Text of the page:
Oxygen: How did you get started in fitness and strength competitions?
Genieve Sanchez: Being active has always been part of my life. I grew up on a ranch and participated in rodeos as a child, and I played basketball in high school and college. Once I started graduate school, the stresses of long studio hours and thesis writing began to take a toll on my body. In an effort to lose weight, I started running a ton, but I was frustrated that my body was not making any real changes.
I turned to Oxygen as a resource for training — I still remember being incredibly inspired by Francisca Dennis on an issue cover and thinking, That’swhatIwanttolooklike! After reading through the magazine, I was introduced to the world of female fitness and bodybuilding. Inspired by the strong physiques, I signed up for my first competition and went on to compete in over six shows. A few years later, I started incorporating powerlifting and strength training into my regimen. I was blessed to set several state strength records, and I won my first strongwoman competition in 2015.
Oxygen: What sets you apart from other athletes in your sport?
GS: Athletic diversity sets me apart. My true sporting love was basketball, but once I graduated, opportunities were limited. I moved forward by cultivating my athletic passion and embracing the challenges of learning new skills. Participating in basketball, distance running, powerlifting, strongwoman, boxing and CrossFit has given me an arsenal of mentally and physically empowering tools.
Oxygen: What’s your post-competition routine versus pre-competition?
GS: Food, hands down. Most sports I have competed in over the past 10 years have required a weight cut in some form or another, so I am usually dieting down to make weight before a competition. My pre-competition routine includes tunnel-vision dedication and a focused mindset.
Naturally, my post-competition ritual is to enjoy some well-earned foodie favorites and lots of rest before jumping back into a balanced offseason.
Oxygen: What’s the best advice you’ve ever been given?
GS: I learned two pieces of advice that resonate with me. First, don’t be so hard on yourself. Setting goals for yourself is one thing, but continuous self-pressure and unreasonable expectations can wear you out quicker than you think.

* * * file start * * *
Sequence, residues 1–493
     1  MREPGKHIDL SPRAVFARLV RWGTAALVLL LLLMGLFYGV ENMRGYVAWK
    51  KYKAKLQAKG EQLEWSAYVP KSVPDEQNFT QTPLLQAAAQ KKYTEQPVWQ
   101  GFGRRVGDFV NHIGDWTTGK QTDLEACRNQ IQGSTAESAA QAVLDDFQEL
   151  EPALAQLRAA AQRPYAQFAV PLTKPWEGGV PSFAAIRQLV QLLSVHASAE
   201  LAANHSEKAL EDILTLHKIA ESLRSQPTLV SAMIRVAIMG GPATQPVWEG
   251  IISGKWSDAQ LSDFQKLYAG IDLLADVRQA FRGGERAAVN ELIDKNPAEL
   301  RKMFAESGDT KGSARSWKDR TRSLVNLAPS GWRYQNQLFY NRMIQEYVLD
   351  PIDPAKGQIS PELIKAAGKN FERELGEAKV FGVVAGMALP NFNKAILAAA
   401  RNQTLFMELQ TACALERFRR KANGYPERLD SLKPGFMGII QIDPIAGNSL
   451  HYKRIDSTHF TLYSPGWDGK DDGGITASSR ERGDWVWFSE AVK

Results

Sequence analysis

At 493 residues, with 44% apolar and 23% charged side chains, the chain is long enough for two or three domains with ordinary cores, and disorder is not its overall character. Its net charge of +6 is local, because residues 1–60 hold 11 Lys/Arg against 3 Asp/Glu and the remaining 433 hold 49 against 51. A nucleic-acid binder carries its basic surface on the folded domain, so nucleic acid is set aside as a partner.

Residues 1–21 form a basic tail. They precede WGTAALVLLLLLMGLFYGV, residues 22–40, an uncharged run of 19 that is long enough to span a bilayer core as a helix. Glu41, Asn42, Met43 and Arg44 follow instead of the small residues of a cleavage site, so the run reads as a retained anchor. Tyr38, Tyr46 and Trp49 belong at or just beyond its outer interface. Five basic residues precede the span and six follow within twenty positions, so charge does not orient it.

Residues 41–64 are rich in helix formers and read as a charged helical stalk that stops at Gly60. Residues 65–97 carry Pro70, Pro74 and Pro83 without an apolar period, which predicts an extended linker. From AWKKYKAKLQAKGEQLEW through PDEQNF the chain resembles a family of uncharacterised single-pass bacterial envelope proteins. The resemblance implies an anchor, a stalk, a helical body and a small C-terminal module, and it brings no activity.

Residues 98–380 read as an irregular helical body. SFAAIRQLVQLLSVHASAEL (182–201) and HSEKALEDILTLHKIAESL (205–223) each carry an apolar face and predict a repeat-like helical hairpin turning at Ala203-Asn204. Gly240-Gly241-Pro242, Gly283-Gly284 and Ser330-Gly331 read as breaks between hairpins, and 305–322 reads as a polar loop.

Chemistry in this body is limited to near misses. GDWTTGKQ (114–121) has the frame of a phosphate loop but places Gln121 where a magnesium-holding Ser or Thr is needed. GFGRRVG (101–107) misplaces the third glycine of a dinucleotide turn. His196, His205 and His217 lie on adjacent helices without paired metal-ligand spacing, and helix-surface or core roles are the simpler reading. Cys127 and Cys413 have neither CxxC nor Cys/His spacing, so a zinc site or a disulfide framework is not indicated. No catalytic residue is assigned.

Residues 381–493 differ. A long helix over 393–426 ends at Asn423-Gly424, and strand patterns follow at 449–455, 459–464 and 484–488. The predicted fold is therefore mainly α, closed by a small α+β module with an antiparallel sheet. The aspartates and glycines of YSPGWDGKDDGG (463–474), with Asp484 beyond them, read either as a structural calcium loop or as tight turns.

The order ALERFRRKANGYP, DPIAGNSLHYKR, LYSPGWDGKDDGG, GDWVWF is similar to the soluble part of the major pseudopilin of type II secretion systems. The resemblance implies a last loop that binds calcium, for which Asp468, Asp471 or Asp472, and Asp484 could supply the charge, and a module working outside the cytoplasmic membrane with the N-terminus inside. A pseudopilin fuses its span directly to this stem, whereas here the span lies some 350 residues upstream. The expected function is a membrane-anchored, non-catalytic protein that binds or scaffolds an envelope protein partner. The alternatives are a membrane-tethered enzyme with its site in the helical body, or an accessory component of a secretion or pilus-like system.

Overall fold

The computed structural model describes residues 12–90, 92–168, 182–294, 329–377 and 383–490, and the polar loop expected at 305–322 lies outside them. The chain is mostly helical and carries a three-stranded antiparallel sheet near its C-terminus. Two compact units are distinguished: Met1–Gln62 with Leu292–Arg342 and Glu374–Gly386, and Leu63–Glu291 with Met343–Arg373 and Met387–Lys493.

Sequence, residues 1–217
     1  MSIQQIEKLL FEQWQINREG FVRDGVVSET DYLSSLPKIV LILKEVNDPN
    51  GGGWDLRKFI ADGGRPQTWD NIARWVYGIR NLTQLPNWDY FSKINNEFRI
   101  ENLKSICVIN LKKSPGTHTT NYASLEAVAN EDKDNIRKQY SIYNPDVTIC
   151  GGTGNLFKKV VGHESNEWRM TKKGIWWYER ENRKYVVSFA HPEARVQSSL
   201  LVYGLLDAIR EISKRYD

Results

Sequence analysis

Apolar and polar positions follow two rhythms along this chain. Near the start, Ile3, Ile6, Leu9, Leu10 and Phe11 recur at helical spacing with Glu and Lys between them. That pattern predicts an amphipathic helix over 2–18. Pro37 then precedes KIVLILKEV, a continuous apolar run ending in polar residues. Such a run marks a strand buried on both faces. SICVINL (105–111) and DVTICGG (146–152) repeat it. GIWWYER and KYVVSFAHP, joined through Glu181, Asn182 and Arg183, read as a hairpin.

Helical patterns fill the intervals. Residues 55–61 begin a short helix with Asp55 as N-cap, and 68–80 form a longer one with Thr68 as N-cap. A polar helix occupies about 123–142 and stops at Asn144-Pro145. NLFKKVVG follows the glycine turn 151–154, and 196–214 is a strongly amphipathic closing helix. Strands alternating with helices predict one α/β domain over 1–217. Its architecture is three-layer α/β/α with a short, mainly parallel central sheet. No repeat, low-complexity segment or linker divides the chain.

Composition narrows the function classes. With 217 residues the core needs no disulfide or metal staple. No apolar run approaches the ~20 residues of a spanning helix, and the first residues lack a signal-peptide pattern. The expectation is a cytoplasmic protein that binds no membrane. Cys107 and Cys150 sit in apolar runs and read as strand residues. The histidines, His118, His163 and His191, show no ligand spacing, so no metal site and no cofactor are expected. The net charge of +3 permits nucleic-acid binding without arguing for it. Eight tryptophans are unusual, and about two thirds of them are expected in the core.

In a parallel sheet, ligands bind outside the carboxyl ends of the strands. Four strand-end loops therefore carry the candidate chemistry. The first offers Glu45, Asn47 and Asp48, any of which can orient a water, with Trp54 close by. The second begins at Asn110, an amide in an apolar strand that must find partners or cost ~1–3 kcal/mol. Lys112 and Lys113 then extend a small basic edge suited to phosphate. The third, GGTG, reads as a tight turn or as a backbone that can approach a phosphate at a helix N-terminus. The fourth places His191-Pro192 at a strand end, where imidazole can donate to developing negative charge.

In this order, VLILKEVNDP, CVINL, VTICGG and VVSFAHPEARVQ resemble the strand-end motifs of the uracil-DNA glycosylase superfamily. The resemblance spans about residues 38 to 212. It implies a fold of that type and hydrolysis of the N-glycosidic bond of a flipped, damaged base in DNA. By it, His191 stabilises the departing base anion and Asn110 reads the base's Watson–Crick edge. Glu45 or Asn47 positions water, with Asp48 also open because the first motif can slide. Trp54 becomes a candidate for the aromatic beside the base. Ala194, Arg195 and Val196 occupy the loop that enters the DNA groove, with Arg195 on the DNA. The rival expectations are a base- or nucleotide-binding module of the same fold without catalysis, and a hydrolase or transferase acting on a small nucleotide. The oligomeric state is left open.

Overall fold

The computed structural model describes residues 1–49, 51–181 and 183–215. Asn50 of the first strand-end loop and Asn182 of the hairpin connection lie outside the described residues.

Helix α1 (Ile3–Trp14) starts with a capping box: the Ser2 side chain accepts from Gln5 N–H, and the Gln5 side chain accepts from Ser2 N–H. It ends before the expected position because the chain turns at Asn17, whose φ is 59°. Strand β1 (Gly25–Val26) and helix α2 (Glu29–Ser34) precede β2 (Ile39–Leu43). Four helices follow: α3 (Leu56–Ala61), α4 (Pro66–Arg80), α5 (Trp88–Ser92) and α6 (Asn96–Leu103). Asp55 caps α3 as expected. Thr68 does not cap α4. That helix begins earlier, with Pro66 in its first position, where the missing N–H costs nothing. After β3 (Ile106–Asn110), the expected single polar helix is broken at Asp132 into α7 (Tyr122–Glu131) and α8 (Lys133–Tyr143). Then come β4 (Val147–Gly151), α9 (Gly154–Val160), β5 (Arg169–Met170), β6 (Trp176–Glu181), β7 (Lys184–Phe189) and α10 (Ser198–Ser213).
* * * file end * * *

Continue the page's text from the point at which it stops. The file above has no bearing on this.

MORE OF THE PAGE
Second, be kind. It’s so simple yet so powerful if expressed as often as possible. It literally feels good to be kind, motivating and uplifting to other people.
Oxygen: What is one thing you would tell your younger self when you were first getting into competition?
GS: You need to love yourself first, and remember that true love has nothing to do with flesh and flair. The fitness world is oftentimes filled with smoke and lights, leaving many competitors dissatisfied with their “normal” selves long after the stage experience is over. Take the greatest things you can learn from fitness and make a lifelong commitment to better health — that’s where the lasting beauty lies. The goal is to be fit, not just to look fit.
Oxygen: How do you remain focused and driven in such a competitive sport?
GS: Being an athlete is ingrained in me, so it is second nature to remain focused on training and diet. However, as I progress through life, I find myself focusing on other important areas such as career and family. That’s OK because my passion for health and competition will always be a part of me — balance is the true key to any lasting success.
Oxygen: What’s the one thing you always have to have on you?
GS: I just started wearing a Fitbit a few weeks ago, and it has really made me aware of my daily activity outside of set training hours. Movement is important to me because I have an office job and I’m sedentary during work hours. By embracing a healthy lifestyle and not necessarily a competition focus, I am setting a precedent of health for my future children.